“Australian Bushfires” by James Aitchison

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Australian bushfires

They say the smoke has reached Chile.

Not just the smoke from our blazing forests,

But the smoke from lost fireys and townsfolk,

And thousands oft homes,

And five hundred million wild animals,

And cattle and sheep and bold horses

Burned alive in once-lush paddocks.

 

They say the smoke is toxic.  It is not.  

It is sacred.

“Leaving” by Louise McCarthy

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One hour until midnight,

A strange and warning silence,

Do we stay – what are the odds though?

Sleep is no defence.

 

The judgment is to leave,

Sad words will not escape,

Sentiment is beaten,

Just a few things can we take.

 

A box of precious items –

 

Photographs, souvenirs,

Silly little trinkets,

A change of clothes, books,

Pillows and some blankets.

 

Tall trees stand surrendered,

The backdrop of our home,

The sky is red and the air is hot,

And tomorrow is unknown.

Poetry Prompt 1 2020

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Good Morning and welcome to the 2020 Australian Children’s Poetry Prompts.

We have certainly had an eventful summer in Australia.

How about for the whole of February we write poetry that instills hope into children after the bushfire events. Many of them have witnessed horrible scenes on TV and media and it would be beneficial for them to see the good that has come out of what has been a destructive time.

For example: Here are three prompts. You may have other ideas as well which are welcomed.

Heroes 

Firefighters

Police

Volunteers

Community Groups

Animal rescue groups

Red Cross

Armed forces

One idea here is a thank you poem

 

New Growth

The new growth happening in our forests

 

Hope in general

How hope is a reason to continue fighting and believe things will improve.

You may like to pick a particular area of Australia and research what has happened in that area to write your poetry.

Please send in poems this week to

poemoftheday.jaxton@gmail.com

Thankyou

Jeanie

And this weeks thought:

 

“Australia Day” by Toni Newell

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Our wonderful Australia,

Is a wonderful country,

That’s opened its arms,

To diversity.

It’s integrated people,

From afar and near,

Absorbed different cultures,

Given support to those in fear.

And now Australia’s shared,

With Indigenous and white,

And skins of many colours,

Which come together to unite.

Our richness has evolved,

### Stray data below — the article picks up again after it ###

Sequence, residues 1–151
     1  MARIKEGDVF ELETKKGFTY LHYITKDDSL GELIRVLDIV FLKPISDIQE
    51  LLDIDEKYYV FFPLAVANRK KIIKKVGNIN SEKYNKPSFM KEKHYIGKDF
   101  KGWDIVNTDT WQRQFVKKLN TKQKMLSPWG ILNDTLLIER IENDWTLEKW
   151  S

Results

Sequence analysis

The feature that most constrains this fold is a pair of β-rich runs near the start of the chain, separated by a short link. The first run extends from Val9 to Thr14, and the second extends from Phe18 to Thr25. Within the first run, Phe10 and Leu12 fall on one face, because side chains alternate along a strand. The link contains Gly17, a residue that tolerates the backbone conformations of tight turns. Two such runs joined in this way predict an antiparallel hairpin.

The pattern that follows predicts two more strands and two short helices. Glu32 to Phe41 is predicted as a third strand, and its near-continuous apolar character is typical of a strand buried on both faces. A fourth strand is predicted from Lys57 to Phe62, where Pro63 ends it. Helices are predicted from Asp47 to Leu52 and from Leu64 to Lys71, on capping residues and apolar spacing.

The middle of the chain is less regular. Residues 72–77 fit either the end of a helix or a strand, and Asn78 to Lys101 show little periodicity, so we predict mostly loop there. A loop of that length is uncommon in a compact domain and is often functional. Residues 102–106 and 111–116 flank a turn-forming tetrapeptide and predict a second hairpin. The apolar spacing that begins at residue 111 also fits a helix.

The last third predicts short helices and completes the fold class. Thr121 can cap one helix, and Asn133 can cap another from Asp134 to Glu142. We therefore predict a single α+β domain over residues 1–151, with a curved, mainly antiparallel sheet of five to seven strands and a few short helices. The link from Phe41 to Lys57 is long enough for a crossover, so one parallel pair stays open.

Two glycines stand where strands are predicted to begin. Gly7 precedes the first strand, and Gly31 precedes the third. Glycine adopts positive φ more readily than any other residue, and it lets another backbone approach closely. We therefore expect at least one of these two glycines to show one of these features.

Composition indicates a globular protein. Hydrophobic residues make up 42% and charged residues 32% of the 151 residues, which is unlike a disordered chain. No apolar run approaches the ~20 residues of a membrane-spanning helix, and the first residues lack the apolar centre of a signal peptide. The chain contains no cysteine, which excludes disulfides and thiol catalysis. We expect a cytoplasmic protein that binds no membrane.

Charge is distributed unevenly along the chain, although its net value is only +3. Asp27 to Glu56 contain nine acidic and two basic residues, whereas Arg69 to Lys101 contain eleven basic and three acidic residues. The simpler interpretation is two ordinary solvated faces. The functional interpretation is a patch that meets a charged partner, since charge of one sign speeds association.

From just food upon our plate,

But to customs, religion, art,

Architecture, and debate.

It is indeed a tapestry,

Of cultures intertwined,

And should be viewed and loved,

Not trampled by mankind.

This is Australia’s story,

And whilst troubles have been seen,

We strive to make it better,

Move forward from what has been.

So, let us all embrace,

Our great diversity,

Which brings us all together,

In this, our ‘sunburnt’ country.

 

Herald on Australia Day,

So, we can celebrate,

A country which embraces,

And where all can become a ‘mate’.

 

“CHILDHOOD’S END” by Margaret Pearce

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CHILDHOOD’S END

 

Once he was a puppy small

As cute as cute could be

Children loved him one and all

As everyone could see.

 

Soon he grew to adulthood

So helpful to be directed 

Guarding as a good dog should

All property as selected.

 

He grew old and ailing

 With childhood left behind

All love and caring paling

By dark cares of adult kind.

 

Neglected deaf and lame

Strayed on the railway track

Unheard the noisy train

Was death so very black?

 

The punctual train no outrage 

As death disposed so cleanly

Of the inconvenience of age

And incontinence so unseemly.

 

Guilt caused memories to awake

Returning back to when

Childhood lacked all heartbreak

And caring was easier then.

 

©

Margaret Pearce

 

“A Letter from the Principal” by Pat Simmons

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Dear Mr. Smith and Mrs. Smith,

I’m writing you this letter

because your son’s behaviour

isn’t getting any better.

 

His writing is untidy and

his spelling is a worry.

He’s often late and consequently,

always in a hurry.

 

His recent science project

nearly caused a school disaster.

The explosion covered twenty boys

in clouds of ceiling plaster.

 

He’s been with us for twenty years,

or is it twenty two?

Dear Mr. Smith and Mrs. Smith,

just what are we to do?

 

He’s untidy and he’s silly

and he always acts the fool,

but still the students say he’s

the best teacher in our school.